— Chuck Close (via observando)
runecestershire said: I FOUND THE CD! (well, I found that I had it copied to my old harddrive). You want links of Michael Sheen reading romantic era poetry? Because I could so shove this into google drive
THIS IS VERY MUCH A THING I WOULD LOVE TO HAVE IN MY LIFE. Thank you Rune you are truly a blessing to us all. :)
Ok, it’s actually two disks. This link should take you to a folder with two subfolders. If things go woggly let me know
It worked like a charm and someone fell asleep listening to The Rime of the Ancient Mariner last night. (Me, I’m talking about me.)
The only issue was that Disc 1 was missing tracks 12 and 15, and Disc 2 was missing track 9? Which can happen in mass uploads. grr argh technology.
The missing tracks are missing not only from the upload, but also from the folder on my computer. Don’t trust my 17-year-old self to rip entire CDs, I guess.
I turned up the catalogue entry and the one’s we’re missing are Wordsworth’s Ode (Intimations of Immortality) and Tintern Abbey and Byron’s Don Juan (Canto I). All the Keats and Shelley is intact, so 17-year-old me can be trusted to that extent :)
Do you mind if I snag these too?
Everyone who wants to is more than welcome to snag these. Spread the Romantic Poetry :)
The Henry VI tag is alive! It’s happening!
Of course, it’s alive with people talking about Andrew Scott as King Louis, the fans who don’t know the play are going to be so disapointed when they realise he’s got an even smaller part than Mowbray. Does he have more lines than Carlisle? Eh, even if he does Carlisle is a massive plot force and King Louis is just a plot element. Heck, he may be a rare example of an actually minor character in Shakespeare.
But, honey, you should see him in a crown!
It’s just nice to see people care for a second.
animperialafflicti said: can you give us a quick run down of who is having sex with whom?
you know what would be the best way to answer this? M.S. Paint.
I also have not read the work in question, and I can’t separate the name Bunny from Bunny Manders, and Richard is of course Shakespeare’s Richard II. Camilla I have decided is Sheridan Le Fanu’s Carmilla (which I’ve only read in part), and Henry keeps waffling between Henry Wotton and any of the various Henrys from Shakespeare’s Histories. Charles, of course, is the king of France.
Francis is also Lord Alfred Douglas, from what I’ve been told.
Hmmm, we had better keep him and Henry [when he’s Wotton and not Bolingbroke or Monmouth] far FAR away from one another.
First of all READ THIS BOOK. Second of all, where’s Mona? Third, Richard and Francis, almost. Fourth, we have no idea what happened during the Bacchanal.
OK, what book? I was off Tumblr for a week and we have flowcharts of who’s sleeping with whom?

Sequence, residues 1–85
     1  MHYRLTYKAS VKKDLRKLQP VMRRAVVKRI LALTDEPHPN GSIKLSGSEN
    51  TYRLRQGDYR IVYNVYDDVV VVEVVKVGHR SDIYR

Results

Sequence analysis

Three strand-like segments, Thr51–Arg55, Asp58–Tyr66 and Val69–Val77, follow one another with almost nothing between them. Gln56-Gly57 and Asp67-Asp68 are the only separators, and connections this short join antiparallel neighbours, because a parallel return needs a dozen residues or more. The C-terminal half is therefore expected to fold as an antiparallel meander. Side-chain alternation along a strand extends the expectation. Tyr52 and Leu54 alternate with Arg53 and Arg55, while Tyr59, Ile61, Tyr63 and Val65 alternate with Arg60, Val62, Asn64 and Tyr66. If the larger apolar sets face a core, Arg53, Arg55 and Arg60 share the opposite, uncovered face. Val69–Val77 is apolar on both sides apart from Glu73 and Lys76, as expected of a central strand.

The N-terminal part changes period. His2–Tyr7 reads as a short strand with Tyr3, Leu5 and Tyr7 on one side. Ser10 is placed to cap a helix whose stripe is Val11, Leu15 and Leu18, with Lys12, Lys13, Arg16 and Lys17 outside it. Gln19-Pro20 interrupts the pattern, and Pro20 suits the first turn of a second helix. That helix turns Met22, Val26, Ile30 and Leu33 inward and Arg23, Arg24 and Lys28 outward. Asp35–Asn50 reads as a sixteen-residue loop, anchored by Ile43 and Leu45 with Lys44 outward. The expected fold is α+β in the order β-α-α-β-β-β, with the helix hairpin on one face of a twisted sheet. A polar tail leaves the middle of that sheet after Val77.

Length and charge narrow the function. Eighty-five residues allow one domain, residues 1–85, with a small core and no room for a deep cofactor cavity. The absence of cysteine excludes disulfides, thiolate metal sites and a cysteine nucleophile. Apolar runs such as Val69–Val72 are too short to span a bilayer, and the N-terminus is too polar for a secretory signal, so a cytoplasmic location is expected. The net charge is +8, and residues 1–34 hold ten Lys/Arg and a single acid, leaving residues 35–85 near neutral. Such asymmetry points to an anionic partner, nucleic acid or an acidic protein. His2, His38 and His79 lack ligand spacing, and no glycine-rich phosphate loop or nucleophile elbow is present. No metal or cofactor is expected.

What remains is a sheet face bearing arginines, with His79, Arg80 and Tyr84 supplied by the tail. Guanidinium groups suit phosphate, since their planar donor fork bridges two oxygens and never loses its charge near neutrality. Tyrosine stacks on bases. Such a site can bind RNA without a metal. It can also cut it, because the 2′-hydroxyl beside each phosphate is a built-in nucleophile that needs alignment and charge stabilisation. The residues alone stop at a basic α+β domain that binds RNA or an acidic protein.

I think of this whenever someone says “it’s only a word”, or “it’s just a joke”.
— Unknown (via everylittlestar)
who gives a fuck about historical accuracy in shakespeare or the gender of a romeo when hamlet goes to wittenberg university which wasn’t founded until 1502 but is still supposed to collected “our neglected tribute” aka danegeld which was last paid off in 1162
"Ah, throw in a few more dick jokes, no one’ll notice," Shakespeare, probably
I occasionally get asked what is my favorite play. This is, of course, an almost impossible question for me to answer, but I must declare primary allegiance to the history plays, which first ignited my passion for Shakespeare and thus will always occupy the first chapter of my heart (with the exception of Henry VIII, which is, in all honesty, kind of boring.)
However, one play that I am inordinately fond of that often gets overlooked is Cymbeline. If you’ve never heard of Cymbeline, don’t worry. You’re not alone. It is one of the most obscure Shakespeare plays and is very rarely performed. This is a pity, as it is, essentially, a “Best Of” compilation of all of Shakespeare’s greatest cliches and dramatic tropes. Here, take this quick quiz and see how you do:
There are more ludicrous plot elements that I had to leave out for time’s sake, but you get the general idea. Cymbeline is not really a comedy, but is definitely not a tragedy. It’s more of a riotous melodrama, and its final scene is probably my favorite single scene in all of Shakespeare.
No, there aren’t any dinosaurs in Cymbeline. However, I am sure that if Shakespeare had known about dinosaurs, he would have figured out how to squeeze in one or two of them.
There also aren’t any drug-dealing biker gangs in Cymbeline, but don’t tell Ethan Hawke that.
To me, Cymbeline feels like an episode of Doctor Who. It’s all over the place, and it’s ridiculous, and I love it.
Anonymous said: Two chickens are sitting in the attic, baking neutrons. Says one to the other: "It's Saint Valentine's tomorrow." Says the other: "So what? I'm not playing."
Somehow, this one feels kind of like engrprof. But really, I’ve no idea
Nope, not me! Keep guessing. I did send you one, though.